– Hungary Warns of Greek-Style Crisis (New York Times):
PRAGUE — Fears that the debt crisis could migrate to central Europe were stirred Friday after a senior Hungarian government official said the previous government had manipulated budget figures and lied about the state of the economy, but most financial experts dismissed the remarks as a ham-handed negotiating ploy.
The official, Peter Szijjarto, a spokesman for Prime Minister Viktor Orban, was quoted by Bloomberg News and other news agencies as saying that the Hungarian economy was in a “very grave situation.” He even raised the specter of a default, saying such speculation “isn’t an exaggeration.”
His comments followed similar warnings on Thursday by Lajos Kosa, a vice president of the governing center-right Fidesz party, and other officials that Hungary was in danger of suffering a Greek-style crisis, with budget deficits — officially 4 percent of gross domestic product in 2009 — possibly reaching 7.5 percent of G.D.P. this year.
After the comments, the Hungarian currency slid and the yield on benchmark 10-year Hungarian bonds surged, to close at 8.1 percent from 7.4 percent on Thursday. The Budapest Stock Exchange Index closed down 3.4 percent, having fallen as much as 7.1 percent earlier in the day.
For all the alarmism by senior government officials in recent days, however, economists said the country was nowhere near the crisis level of and emphasized that the comments appeared to have been politically motivated to tarnish the previous Socialist government and to give Mr. Orban a stronger negotiating position with the
Sovereign Credit-Default Swaps Surge on Hungarian Debt Crisis
June 4 (Bloomberg) — Credit-default swaps on sovereign bonds surged to a record on speculation Europe’s debt crisis is worsening after Hungary said it’s in a “very grave situation” because a previous government lied about the economy.
The cost of insuring against losses on Hungarian sovereign debt rose 63 basis points to 371, according to CMA DataVision at 3:30 p.m. in London, after earlier reaching 416 basis points. Swaps on France, Austria, Belgium and Germany also rose, sending the Markit iTraxx SovX Western Europe Index of contracts on 15 governments as high as a record 174.4 basis points.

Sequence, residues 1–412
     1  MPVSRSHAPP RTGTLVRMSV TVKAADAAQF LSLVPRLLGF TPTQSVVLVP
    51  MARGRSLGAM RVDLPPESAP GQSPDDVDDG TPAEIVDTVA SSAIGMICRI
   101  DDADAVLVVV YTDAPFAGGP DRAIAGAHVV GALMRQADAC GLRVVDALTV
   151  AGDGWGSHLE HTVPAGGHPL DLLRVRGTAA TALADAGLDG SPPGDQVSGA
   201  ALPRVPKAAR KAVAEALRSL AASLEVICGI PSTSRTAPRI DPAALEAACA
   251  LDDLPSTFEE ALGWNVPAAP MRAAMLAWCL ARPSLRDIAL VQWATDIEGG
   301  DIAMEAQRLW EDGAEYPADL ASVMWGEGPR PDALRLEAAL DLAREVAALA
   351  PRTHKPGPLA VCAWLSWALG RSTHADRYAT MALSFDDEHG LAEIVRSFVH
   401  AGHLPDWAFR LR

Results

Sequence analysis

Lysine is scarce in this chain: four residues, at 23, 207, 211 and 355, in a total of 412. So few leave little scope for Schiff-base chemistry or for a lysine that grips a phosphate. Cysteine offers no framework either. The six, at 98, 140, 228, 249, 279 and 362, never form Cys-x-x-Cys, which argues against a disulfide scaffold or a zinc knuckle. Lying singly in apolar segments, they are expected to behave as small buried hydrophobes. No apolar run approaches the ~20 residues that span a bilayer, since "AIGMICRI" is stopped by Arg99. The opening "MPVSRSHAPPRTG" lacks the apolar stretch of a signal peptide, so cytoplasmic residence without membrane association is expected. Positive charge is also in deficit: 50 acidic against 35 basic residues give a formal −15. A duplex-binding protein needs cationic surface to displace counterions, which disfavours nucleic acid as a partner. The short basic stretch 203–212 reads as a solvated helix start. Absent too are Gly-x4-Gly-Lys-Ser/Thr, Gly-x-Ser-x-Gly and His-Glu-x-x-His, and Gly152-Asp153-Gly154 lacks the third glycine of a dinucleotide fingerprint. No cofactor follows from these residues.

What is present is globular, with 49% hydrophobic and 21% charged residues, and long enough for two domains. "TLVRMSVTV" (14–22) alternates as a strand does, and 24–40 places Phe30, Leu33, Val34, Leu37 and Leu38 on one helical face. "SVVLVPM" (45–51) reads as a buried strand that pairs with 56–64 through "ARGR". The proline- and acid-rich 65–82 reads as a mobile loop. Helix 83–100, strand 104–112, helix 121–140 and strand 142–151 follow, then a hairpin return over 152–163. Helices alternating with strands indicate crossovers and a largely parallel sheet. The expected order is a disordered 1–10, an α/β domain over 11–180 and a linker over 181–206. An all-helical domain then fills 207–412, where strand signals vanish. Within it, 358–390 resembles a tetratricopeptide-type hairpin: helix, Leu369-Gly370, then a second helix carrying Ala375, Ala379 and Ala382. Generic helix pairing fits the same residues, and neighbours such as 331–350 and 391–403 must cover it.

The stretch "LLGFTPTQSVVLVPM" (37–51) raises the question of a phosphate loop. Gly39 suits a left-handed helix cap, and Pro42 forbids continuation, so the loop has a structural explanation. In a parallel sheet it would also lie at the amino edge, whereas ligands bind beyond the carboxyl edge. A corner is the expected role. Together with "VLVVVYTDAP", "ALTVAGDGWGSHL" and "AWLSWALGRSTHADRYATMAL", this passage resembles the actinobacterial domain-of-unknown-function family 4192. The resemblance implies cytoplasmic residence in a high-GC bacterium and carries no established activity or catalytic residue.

Hungary’s bonds fell after a spokesman for Prime Minister Viktor Orban said talk of a default is “not an exaggeration” because a previous administration “manipulated” figures. The country was bailed out with a 20 billion-euro ($24 billion) aid package from the European Union and International Monetary Fund in 2008.
“The comments out of Hungary have really spooked the market,” said Rajeev Shah, a credit strategist at BNP Paribas SA in London. “Investors are interpreting it as bad sign for trying to tackle Europe’s debt crisis.”
The euro dropped below $1.21 for the first time since April 2006, stocks tumbled and the cost of insuring against corporate default rose on speculation Hungary will weaken the EU’s willingness to rescue the region’s indebted nations.
Credit markets were also roiled after data showed U.S. employers hired fewer workers in May than forecast, signaling slowing economic growth.
Swaps on Spanish government debt were up 22 basis points at 278, after earlier reaching a record 295.5, according to CMA. Contracts on Portugal were 26 basis points wider at 364.8, while Ireland was up 32 basis points at 292, and Italy climbed 30 basis points to an all-time high of 264, before retreating to 253. Contracts on Greece were 57 basis points higher at 783, down from 798 earlier.
The Markit iTraxx Crossover Index of swaps linked to 50 companies with mostly high-yield credit ratings jumped 27 basis point to 584, according to Markit Group Ltd.
“Are we on the brink of something more serious?” Deutsche Bank AG strategist Jim Reid wrote in a note to clients today. “We’ve little doubt that the authorities have no appetite for imminent peripheral defaults but we do see the situation getting worse before it gets better. This leaves markets vulnerable until there is more certainty surrounding the structure of the peripheral funding bail-out.”
Credit-default swaps pay the buyer face value in exchange for the underlying securities or the cash equivalent should a borrower fail to adhere to its debt agreements. A basis point on a contract protecting $10 million of debt from default for five years is equivalent to $1,000 a year.
To contact the reporter on this story: Kate Haywood in London at email@example.com
Last Updated: June 4, 2010 10:57 EDT
By Kate Haywood